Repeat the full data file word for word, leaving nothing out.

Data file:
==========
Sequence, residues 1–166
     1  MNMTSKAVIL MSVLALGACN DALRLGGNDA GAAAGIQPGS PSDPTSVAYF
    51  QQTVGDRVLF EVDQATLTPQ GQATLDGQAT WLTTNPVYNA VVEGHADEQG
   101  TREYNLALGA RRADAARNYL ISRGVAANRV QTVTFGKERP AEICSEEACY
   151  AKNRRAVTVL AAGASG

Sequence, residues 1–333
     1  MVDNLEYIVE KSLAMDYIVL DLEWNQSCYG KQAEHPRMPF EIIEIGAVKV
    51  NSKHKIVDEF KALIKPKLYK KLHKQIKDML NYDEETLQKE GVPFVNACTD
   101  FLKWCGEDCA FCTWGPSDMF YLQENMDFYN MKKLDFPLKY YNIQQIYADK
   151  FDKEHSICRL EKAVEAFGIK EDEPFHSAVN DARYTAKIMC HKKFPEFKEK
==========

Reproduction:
Sequence, residues 1–166
     1  MNMTSKAVIL MSVLALGACN DALRLGGNDA GAAAGIQPGS PSDPTSVAYF
    51  QQTVGDRVLF EVDQATLTPQ GQATLDGQAT WLTTNPVYNA VVEGHADEQG
   101  TREYNLALGA RRADAARNYL ISRGVAANRV QTVTFGKERP AEICSEEACY
   151  AKNRRAVTVL AAGASG

Sequence, residues 1–333
     1  MVDNLEYIVE KSLAMDYIVL DLEWNQSCYG KQAEHPRMPF EIIEIGAVKV
    51  NSKHKIVDEF KALIKPKLYK KLHKQIKDML NYDEETLQKE GVPFVNACTD
   101  FLKWCGEDCA FCTWGPSDMF YLQENMDFYN MKKLDFPLKY YNIQQIYADK
   151  FDKEHSICRL EKAVEAFGIK EDEPFHSAVN DARYTAKIMC HKKFPEFKEK